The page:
Brazil become largest buyer of Russian diesel last year, overtaking Türkiye

Brazil imported 6.1 million tons of diesel from Russia in 2023, which is over 60 times more than 101,000 tons in 2022. The value in dollar terms increased from $95 million to $4.5 billion, according to official government figures.

Additionally, the Latin American country augmented its acquisitions of fuel oil from Russia, witnessing an increase from $1.1 billion the previous year to $5.3 billion in the last fiscal year. Those, Brazil overtook Turkey in October to become the largest buyer of Russian diesel  according to data from Kpler.

FT Infographic, Source Kpler

The remarkable surge in imports may give rise to allegations that Brazil is displaying sympathetic to Russia in the war. Although Brasília officially condemned Russia’s invasion, Lula last year repeatedly claimed that Kyiv bears equal responsibility with Moscow for the conflict and has accused Washington of “encouraging” the violence.

According to government officials, the substantial uptick in acquisitions, notably during the initial year of leftwing President Luiz Inácio Lula da Silva’s back in office help to boost the Russian economy as the war in Ukraine enters its third year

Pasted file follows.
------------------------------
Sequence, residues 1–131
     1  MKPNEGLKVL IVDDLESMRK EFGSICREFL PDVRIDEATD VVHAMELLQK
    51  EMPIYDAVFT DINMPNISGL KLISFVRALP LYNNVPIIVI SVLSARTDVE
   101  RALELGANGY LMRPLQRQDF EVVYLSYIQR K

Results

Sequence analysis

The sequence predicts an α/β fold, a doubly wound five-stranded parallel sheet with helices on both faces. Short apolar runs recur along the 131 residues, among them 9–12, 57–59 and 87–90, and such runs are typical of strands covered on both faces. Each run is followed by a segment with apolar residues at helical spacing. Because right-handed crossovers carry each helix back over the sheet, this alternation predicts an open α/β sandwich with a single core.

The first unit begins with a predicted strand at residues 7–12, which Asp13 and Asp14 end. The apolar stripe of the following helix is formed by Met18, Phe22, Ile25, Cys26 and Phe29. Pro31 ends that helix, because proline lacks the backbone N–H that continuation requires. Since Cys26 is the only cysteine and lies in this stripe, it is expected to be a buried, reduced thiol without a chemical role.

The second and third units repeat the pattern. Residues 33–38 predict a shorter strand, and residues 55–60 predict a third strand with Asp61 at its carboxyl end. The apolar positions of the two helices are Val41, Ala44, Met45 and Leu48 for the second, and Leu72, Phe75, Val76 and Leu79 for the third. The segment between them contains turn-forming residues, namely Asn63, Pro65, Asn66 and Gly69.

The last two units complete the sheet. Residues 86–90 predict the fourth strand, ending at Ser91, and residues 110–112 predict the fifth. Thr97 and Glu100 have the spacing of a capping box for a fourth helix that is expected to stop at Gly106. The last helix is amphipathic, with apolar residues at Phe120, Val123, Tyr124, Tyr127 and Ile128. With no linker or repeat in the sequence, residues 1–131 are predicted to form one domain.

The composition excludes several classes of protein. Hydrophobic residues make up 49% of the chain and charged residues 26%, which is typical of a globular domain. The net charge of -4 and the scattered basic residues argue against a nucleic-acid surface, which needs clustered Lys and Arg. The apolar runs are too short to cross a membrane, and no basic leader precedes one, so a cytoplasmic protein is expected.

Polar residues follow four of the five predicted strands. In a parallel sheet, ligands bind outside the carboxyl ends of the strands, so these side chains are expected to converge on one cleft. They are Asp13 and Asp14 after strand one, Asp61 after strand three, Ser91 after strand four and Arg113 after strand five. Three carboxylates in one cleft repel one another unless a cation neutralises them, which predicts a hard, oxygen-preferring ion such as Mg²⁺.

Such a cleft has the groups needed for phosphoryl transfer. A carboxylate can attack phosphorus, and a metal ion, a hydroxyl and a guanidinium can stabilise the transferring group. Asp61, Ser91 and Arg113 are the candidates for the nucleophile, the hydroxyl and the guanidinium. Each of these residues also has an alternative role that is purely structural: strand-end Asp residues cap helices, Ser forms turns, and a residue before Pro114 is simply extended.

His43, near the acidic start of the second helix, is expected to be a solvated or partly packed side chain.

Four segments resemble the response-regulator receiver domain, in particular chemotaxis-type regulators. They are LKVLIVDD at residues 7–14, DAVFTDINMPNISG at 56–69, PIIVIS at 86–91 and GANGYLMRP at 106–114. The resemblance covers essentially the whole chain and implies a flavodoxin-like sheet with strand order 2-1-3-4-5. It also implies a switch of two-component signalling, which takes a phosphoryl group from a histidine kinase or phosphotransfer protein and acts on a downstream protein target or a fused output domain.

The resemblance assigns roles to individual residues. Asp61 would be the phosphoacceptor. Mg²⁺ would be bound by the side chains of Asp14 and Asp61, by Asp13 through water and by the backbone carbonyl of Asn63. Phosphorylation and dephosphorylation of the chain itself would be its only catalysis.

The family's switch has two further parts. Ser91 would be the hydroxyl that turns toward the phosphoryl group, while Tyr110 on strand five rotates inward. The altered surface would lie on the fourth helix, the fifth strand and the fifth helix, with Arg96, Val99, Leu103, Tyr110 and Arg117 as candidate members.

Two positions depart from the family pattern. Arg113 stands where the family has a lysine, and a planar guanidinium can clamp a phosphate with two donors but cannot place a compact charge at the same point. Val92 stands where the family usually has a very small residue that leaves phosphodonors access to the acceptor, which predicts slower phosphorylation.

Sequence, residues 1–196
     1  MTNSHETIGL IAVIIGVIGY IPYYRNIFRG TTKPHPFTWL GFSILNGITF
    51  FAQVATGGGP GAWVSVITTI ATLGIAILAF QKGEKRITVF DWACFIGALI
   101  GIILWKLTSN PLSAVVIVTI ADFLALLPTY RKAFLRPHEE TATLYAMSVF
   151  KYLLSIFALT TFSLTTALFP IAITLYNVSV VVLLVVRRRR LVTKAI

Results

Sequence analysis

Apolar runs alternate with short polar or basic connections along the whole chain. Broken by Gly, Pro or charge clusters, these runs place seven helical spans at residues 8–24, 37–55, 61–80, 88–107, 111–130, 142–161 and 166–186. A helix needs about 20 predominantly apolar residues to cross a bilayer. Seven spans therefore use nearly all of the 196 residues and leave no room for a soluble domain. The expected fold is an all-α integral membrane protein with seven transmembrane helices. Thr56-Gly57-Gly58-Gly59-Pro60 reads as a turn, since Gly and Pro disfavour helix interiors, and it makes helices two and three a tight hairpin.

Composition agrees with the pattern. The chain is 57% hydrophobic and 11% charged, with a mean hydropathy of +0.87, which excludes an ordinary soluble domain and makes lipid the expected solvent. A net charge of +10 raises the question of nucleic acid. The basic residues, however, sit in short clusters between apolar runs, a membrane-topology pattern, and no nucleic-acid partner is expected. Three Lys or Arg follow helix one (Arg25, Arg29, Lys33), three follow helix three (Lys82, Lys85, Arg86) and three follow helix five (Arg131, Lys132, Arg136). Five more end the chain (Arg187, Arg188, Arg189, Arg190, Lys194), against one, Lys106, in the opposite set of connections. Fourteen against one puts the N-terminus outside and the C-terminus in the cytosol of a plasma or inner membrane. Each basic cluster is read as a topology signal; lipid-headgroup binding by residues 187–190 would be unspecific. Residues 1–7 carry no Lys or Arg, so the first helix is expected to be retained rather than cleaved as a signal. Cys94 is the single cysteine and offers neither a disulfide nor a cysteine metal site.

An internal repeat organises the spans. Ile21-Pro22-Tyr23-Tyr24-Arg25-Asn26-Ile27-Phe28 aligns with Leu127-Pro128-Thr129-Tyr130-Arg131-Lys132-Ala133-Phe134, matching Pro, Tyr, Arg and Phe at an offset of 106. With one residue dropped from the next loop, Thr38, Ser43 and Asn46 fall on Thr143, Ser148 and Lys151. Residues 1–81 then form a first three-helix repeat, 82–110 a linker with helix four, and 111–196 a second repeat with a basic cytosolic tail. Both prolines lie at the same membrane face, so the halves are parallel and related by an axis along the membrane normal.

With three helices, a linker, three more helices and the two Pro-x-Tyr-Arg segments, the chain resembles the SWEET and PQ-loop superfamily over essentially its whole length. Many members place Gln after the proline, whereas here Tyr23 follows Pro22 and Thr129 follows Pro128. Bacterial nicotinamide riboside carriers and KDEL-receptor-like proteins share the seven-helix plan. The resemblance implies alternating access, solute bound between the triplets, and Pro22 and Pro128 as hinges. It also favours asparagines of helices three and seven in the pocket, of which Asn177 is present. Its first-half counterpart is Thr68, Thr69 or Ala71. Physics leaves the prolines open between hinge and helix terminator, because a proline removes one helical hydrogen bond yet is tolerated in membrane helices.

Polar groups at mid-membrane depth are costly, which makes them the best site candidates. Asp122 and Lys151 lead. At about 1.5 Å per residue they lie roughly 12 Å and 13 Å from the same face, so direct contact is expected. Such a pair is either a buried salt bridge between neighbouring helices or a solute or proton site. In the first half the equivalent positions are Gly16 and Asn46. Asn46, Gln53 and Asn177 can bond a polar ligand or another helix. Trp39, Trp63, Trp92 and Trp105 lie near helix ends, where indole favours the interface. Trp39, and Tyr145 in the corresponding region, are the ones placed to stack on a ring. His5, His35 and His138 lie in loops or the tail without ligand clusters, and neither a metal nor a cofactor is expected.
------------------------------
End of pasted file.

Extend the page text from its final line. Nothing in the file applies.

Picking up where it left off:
Considering the extensive sanctions enforced by Western nations in response to Moscow’s full-scale invasion of Ukraine, Russia has resorted to offering crude oil and oil products at discounted rates. Notably, Brazil’s acquisitions fall within the permissible scope of the sanctions regime, providing strict adherence to a meticulous set of regulations addressing concerns such as shipping.

Oliver Stuenkel, professor of international relations at the Getulio Vargas Foundation, said: “The first thing going on is just realpolitik. Brazil has identified an opportunity to obtain Russian commodities at a discount and it is not only diesel, but also fertilizer. The same goes for countries like India.

“[But] at the same time Brazil is keen to preserve its economic and political ties with Russia. Brazil being willing to help out in the midst of this situation [in Ukraine] is part of an implicit dynamic within the Brics, which is they have an all-weather friendship and help each other out in times of difficulty,” he said, referring to the group that also includes Russia, India, China and South Africa.”

Oliver Stuenkel, professor of international relations at the Getulio Vargas Foundation
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